Nicolas Cellier uploaded a new version of Kernel to project The Trunk:
http://source.squeak.org/trunk/Kernel-nice.1262.mcz ==================== Summary ==================== Name: Kernel-nice.1262 Author: nice Time: 29 August 2019, 12:28:31.665288 pm UUID: 3e167d35-e96e-7649-8324-28d9cb255a65 Ancestors: Kernel-nice.1261 Accelerate LargeInteger asFloat in 64bits images. =============== Diff against Kernel-nice.1261 =============== Item was added: + ----- Method: Integer>>digitsAsFloat (in category 'private') ----- + digitsAsFloat + "private - naive conversion method. + This method should be used if and only if + Float precision + 8 >= self highBit. + This way, all floating point operations will be exact, but eventually the + last one, giving a guaranty that result will be the nearest Float." + | result n | + result := (self digitAt: (n := self digitLength)) asFloat. + [(n := n - 1) > 0] + whileTrue: [result := 256.0 * result + (self digitAt: n) asFloat]. + ^ result! Item was changed: ----- Method: LargePositiveInteger>>asFloat (in category 'converting') ----- asFloat "Answer a Float that best approximates the value of the receiver. This algorithm is optimized to process only the significant digits of a LargeInteger. And it does honour IEEE 754 round to nearest even mode in case of excess precision (see details below)." "How numbers are rounded in IEEE 754 default rounding mode: A shift is applied so that the highest 53 bits are placed before the floating point to form a mantissa. The trailing bits form the fraction part placed after the floating point. This fractional number must be rounded to the nearest integer. If fraction part is 2r0.1, exactly between two consecutive integers, there is a tie. The nearest even integer is chosen in this case. Examples (First 52bits of mantissa are omitted for brevity): 2r0.00001 is rounded downward to 2r0 2r1.00001 is rounded downward to 2r1 2r0.1 is a tie and rounded to 2r0 (nearest even) 2r1.1 is a tie and rounded to 2r10 (nearest even) 2r0.10001 is rounded upward to 2r1 2r1.10001 is rounded upward to 2r10 Thus, if the next bit after floating point is 0, the mantissa is left unchanged. If next bit after floating point is 1, an odd mantissa is always rounded upper. An even mantissa is rounded upper only if the fraction part is not a tie." "Algorihm details: The floating point hardware can perform the rounding correctly with several excess bits as long as there is a single inexact operation. - This can be obtained by splitting the mantissa plus excess bits in two part with less bits than Float precision. Note 1: the inexact flag in floating point hardware must not be trusted because in some cases the operations would be exact but would not take into account some bits that were truncated before the Floating point operations. Note 2: the floating point hardware is presumed configured in default rounding mode." + | mantissa shift excess | - | mantissa shift excess result n | "Check how many bits excess the maximum precision of a Float mantissa." excess := self highBitOfMagnitude - Float precision. excess > 7 ifTrue: ["Remove the excess bits but seven." mantissa := self bitShiftMagnitude: 7 - excess. shift := excess - 7. "An even mantissa with a single excess bit immediately following would be truncated. But this would not be correct if above shift has truncated some extra bits. Check this case, and round excess bits upper manually." ((mantissa digitAt: 1) = 2r01000000 and: [self anyBitOfMagnitudeFrom: 1 to: shift]) ifTrue: [mantissa := mantissa + 1]] ifFalse: [mantissa := self. shift := 0]. + "We can use naive digit by digit conversion because there will be a single inexact round off at last iteration. + But the nice thing is that Float precision + 7 excess bits = 60 which fit in a SmallInteger in Spur64. + So the best to do is to delegate this final operation" + ^mantissa digitsAsFloat timesTwoPower: shift.! - "There will be a single inexact round off at last iteration" - result := (mantissa digitAt: (n := mantissa digitLength)) asFloat. - [(n := n - 1) > 0] whileTrue: [ - result := 256.0 * result + (mantissa digitAt: n) asFloat]. - ^result timesTwoPower: shift.! Item was added: + ----- Method: SmallInteger>>digitsAsFloat (in category 'private') ----- + digitsAsFloat + "private - let the primitive take care to answer the nearest float" + <primitive: 40> + ^super digitsAsFloat! |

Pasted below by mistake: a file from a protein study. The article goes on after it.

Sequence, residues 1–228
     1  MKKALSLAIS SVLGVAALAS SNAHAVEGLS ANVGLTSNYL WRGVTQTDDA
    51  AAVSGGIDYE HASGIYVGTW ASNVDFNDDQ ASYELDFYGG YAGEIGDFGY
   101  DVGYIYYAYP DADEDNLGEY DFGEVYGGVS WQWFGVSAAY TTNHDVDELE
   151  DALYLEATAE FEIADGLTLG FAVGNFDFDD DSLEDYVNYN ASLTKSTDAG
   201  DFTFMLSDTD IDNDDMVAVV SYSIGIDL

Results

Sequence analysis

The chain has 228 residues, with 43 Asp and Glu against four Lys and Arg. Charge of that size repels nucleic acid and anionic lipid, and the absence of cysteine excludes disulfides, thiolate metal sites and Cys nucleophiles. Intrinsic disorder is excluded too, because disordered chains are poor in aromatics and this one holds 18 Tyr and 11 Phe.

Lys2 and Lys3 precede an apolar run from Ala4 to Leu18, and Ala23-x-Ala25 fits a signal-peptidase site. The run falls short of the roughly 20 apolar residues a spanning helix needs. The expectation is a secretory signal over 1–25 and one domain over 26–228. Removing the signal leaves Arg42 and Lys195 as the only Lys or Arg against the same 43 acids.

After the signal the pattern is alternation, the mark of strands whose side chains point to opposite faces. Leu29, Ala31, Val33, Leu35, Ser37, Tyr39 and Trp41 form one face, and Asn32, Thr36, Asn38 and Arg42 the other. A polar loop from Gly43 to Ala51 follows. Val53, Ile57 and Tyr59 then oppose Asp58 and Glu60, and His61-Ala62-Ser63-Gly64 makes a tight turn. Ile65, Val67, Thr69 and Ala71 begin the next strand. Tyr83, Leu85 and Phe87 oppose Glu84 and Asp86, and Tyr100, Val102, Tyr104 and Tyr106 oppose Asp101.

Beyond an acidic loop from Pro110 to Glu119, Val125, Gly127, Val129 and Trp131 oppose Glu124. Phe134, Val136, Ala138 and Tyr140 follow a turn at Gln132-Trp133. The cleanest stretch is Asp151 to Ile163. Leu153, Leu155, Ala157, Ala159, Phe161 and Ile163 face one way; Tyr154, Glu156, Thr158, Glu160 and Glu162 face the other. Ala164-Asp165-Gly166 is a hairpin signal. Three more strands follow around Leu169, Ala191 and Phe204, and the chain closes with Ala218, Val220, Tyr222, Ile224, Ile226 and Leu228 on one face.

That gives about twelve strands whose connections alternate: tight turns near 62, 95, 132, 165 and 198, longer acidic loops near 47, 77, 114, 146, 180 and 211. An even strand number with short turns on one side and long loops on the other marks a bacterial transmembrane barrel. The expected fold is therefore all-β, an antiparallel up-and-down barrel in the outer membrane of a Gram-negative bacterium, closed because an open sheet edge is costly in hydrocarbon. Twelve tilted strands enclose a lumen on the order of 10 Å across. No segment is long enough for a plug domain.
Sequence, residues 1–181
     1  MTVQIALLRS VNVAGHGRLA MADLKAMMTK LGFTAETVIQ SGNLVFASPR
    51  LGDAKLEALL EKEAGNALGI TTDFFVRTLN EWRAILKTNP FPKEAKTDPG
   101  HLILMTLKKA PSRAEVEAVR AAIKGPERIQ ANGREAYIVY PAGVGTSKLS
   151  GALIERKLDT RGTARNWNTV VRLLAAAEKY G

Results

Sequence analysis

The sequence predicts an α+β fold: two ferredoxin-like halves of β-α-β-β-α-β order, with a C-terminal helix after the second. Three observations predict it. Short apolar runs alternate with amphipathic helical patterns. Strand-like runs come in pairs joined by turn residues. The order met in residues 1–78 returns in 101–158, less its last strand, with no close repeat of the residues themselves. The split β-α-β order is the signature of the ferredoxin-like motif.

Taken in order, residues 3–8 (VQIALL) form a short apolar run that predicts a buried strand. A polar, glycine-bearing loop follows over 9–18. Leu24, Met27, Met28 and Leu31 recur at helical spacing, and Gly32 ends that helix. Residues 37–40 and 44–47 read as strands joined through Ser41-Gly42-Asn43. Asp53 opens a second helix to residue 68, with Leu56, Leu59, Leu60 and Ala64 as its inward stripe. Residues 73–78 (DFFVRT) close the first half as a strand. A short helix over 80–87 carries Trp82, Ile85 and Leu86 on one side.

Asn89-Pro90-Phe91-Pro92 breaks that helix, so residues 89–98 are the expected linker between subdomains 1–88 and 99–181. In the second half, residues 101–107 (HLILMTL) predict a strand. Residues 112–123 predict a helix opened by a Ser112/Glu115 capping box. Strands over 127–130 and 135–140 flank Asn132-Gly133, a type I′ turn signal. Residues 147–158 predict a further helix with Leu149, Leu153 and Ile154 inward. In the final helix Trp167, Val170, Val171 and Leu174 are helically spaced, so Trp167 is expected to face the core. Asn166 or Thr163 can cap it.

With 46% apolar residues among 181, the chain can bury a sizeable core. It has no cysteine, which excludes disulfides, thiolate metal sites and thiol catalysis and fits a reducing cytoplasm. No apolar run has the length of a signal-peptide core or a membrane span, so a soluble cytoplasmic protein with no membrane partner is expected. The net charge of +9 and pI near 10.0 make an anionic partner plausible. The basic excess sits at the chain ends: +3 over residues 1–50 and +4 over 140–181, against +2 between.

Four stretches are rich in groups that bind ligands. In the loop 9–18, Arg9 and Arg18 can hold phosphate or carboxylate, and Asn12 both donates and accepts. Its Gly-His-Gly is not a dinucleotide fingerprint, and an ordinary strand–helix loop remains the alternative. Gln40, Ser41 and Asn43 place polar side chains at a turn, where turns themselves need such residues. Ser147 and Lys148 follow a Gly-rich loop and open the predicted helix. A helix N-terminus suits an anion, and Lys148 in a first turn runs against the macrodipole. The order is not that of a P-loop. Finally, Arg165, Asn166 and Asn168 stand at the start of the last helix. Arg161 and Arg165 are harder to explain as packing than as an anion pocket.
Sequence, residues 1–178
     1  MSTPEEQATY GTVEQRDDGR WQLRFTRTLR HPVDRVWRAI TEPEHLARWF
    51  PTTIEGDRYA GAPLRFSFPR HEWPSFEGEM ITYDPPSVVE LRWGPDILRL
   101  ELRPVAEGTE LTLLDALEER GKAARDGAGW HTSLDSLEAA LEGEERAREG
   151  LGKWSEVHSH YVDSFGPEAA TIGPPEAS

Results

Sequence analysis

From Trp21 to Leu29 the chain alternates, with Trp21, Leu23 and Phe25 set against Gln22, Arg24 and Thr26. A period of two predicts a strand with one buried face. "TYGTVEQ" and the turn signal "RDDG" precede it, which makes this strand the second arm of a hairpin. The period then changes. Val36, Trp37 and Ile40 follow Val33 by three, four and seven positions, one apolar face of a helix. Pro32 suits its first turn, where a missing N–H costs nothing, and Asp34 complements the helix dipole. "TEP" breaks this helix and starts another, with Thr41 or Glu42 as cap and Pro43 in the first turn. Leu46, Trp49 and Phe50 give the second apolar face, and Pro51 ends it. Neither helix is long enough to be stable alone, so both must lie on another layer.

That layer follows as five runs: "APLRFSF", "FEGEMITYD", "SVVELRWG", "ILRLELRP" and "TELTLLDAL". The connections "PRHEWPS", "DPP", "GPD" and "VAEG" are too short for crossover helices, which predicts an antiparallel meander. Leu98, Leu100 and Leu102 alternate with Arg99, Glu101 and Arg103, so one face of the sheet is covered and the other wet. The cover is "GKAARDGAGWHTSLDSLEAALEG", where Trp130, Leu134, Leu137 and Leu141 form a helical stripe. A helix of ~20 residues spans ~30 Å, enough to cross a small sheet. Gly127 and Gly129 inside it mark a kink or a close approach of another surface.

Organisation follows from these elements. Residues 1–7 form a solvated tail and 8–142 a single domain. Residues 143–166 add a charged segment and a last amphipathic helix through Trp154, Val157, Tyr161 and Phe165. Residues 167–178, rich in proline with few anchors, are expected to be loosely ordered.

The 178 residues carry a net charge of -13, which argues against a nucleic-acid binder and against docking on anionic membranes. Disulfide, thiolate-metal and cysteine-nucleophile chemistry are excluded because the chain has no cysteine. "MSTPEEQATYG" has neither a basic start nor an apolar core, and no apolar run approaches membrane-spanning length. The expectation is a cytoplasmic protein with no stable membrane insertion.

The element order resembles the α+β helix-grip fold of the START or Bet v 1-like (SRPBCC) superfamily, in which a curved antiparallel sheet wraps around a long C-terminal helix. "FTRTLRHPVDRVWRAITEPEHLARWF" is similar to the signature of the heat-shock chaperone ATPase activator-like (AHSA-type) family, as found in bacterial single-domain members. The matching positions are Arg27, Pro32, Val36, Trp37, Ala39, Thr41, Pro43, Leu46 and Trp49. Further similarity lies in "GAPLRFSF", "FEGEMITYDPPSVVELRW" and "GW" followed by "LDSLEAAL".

Le jeu. 29 août 2019 à 12:28, <[hidden email]> a écrit : Nicolas Cellier uploaded a new version of Kernel to project The Trunk: Some additional notes: I've also tried a simple split of the 53 (Float precision) + 7 (excess bits) significand into two 30 bits SmallInteger: digitsAsFloat2 ^(self bitShift: -30) asFloat * 1073741824.0 + (self bitAnd: 16r3FFFFFFF) asFloat Unfortunately, this is slower than looping on the byte-digits like proposed above: self assert: 923456789012345678 highBit = 60. [923456789012345678 digitsAsFloat] bench. '7,290,000 per second. 137 nanoseconds per run.' [923456789012345678 digitsAsFloat2] bench. '3,430,000 per second. 291 nanoseconds per run.' I did not use latest VM when trying this (Macos-metal pb https://github.com/OpenSmalltalk/opensmalltalk-vm/issues/397) Item was changed: |
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